The synthesis and characterisation of novel semiconduction ladder polymers and their use as conductive fillers in composite materials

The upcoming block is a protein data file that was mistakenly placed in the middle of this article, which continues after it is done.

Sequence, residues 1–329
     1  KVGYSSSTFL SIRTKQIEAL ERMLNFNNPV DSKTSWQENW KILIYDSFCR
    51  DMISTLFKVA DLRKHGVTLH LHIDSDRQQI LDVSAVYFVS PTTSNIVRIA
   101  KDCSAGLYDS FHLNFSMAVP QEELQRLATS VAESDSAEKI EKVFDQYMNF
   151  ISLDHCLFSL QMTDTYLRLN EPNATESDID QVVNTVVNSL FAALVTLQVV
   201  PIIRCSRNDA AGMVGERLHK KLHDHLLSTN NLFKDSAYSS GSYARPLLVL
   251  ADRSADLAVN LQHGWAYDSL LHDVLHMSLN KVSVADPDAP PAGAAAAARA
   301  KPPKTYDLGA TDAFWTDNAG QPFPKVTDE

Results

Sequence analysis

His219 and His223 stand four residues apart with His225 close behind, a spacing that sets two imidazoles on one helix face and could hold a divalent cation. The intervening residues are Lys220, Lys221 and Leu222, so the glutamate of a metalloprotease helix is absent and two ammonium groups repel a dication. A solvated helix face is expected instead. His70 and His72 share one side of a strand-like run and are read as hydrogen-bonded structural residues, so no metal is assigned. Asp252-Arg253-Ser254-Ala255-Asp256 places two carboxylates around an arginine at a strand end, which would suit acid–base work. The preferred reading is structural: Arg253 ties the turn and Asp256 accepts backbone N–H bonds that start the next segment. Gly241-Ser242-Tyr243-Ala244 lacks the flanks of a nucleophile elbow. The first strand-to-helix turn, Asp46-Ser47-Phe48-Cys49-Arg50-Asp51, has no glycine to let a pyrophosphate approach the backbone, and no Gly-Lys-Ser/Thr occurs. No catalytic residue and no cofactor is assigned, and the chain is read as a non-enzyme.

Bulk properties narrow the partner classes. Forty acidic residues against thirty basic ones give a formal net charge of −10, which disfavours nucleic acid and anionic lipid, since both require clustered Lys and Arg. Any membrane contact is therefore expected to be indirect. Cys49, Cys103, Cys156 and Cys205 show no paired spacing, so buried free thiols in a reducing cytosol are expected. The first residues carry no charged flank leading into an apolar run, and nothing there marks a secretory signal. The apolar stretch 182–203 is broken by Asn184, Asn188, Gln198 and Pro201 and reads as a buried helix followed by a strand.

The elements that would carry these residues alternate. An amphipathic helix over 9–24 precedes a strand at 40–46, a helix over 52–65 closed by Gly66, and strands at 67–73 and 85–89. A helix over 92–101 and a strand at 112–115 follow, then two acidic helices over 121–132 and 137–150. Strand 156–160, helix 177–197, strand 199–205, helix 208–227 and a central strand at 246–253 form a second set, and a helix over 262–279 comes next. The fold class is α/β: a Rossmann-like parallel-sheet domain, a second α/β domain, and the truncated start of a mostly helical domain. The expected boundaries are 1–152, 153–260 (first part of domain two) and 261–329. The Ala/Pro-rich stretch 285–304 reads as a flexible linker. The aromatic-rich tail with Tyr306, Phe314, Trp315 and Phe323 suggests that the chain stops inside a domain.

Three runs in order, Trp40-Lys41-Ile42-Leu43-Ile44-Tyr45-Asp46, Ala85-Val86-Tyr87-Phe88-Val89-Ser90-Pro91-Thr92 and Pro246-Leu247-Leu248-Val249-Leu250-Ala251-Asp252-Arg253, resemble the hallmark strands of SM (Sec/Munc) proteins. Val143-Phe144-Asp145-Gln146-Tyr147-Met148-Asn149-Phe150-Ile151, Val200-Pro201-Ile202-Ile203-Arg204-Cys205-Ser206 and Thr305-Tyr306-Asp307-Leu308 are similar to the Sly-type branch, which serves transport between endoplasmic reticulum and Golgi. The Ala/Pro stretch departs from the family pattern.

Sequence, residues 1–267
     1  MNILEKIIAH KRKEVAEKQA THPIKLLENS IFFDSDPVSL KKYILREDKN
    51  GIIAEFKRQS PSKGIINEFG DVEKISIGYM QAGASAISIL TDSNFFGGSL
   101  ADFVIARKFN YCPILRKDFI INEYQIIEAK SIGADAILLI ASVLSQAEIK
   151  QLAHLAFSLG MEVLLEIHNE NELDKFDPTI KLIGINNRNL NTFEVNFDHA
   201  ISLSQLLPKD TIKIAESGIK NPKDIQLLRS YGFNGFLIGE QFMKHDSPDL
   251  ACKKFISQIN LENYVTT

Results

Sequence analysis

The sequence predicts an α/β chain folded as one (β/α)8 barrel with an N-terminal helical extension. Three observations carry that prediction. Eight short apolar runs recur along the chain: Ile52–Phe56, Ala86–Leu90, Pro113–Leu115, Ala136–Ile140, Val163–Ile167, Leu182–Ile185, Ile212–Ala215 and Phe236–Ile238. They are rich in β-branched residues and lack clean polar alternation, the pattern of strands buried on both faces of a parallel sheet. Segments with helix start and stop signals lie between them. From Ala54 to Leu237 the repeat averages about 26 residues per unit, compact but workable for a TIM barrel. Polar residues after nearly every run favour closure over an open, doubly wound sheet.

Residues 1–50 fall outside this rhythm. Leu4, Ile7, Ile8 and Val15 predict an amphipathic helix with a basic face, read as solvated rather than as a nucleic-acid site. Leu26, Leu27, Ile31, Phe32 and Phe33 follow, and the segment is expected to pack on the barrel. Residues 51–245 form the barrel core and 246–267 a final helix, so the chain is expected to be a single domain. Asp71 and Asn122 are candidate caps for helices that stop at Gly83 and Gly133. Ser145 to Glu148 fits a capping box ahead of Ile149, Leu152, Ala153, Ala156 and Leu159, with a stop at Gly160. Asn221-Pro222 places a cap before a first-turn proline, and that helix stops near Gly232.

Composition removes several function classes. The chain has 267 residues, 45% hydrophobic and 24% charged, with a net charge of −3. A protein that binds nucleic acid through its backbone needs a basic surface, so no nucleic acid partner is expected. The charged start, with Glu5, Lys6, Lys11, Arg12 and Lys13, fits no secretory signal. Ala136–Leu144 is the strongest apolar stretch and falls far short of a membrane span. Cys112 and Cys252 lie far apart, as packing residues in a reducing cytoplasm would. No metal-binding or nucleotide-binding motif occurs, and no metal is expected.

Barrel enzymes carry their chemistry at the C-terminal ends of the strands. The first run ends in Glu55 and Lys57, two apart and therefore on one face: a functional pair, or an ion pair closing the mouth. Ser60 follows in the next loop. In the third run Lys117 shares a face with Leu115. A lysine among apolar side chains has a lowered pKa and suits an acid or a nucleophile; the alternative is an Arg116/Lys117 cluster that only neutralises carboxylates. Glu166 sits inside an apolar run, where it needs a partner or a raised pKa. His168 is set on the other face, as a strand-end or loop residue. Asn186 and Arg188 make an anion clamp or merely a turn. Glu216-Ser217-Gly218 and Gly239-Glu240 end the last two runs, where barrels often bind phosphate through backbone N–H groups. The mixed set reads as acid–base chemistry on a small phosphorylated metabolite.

A series of ladder polymers have been synthesised from polycondensation reactions between phenazinium based monomers such as safranine O and acridine yellow G and benzoquinone type monomers. The same polymeric products were obtained regardless of whether the polymerisations were carried out in polyphosphoric acid, in organic solvent, or in the absence of solvent in the solid phase. However, the degree of completed ladder structure contained within the polymer was found to vary with different synthesis techniques. In general the ladder polymer prepared in PPA was superior in terms of intrinsic viscosity (molecular weight) and thermal stability in comparison to the same polymer prepared in organic solvent or in the solid phase. The polymer solubilities were poor in organic solvents and attempts to increase their solubilities with the introduction of bulky side-groups into the polymer structure was successful only in producing soluble single-strand polymers. The electrical conductivities (o) of the polymers lay in semi-conducting range with a clear trend showing that: 0PPA > 0DMAc/S.P. > 0single-strand > 0two-stagepolymers. The electrical conductivity was found to be stable for at least 30 days at incubation temperatures as high as 250° C. Temperature dependent conductivity studies show that plots of o versus T1/4 are not perfectly linear, although correlation coefficients for plots against '11/4 and T1[beta] show that the data tends to favour Mott's three-dimensional conduction model. Composite samples of thermoplastic PMMA and thermosetting polyester with ladder polymer showed percolation thresholds at 7.9% v/vand 8.6% viv filler loadings respectively with maximum conductivities close to those of the pristine polymer at filler loadings of 11.2% v/vand 13.0% vl» respectively. The temperature dependence of PMMA/ladder composites showed PTC behaviour between the softening point and melting point of PMMA with NTC behaviour thereafter. Thermosetting polyester composites showed little temperature sensitivity up to the point of thermal degradation at which catastrophic, permanent loss in conductivity occurred. The electrical conductivity of ladder/PMMA samples was found to be stable for at least 30 days at 250°C.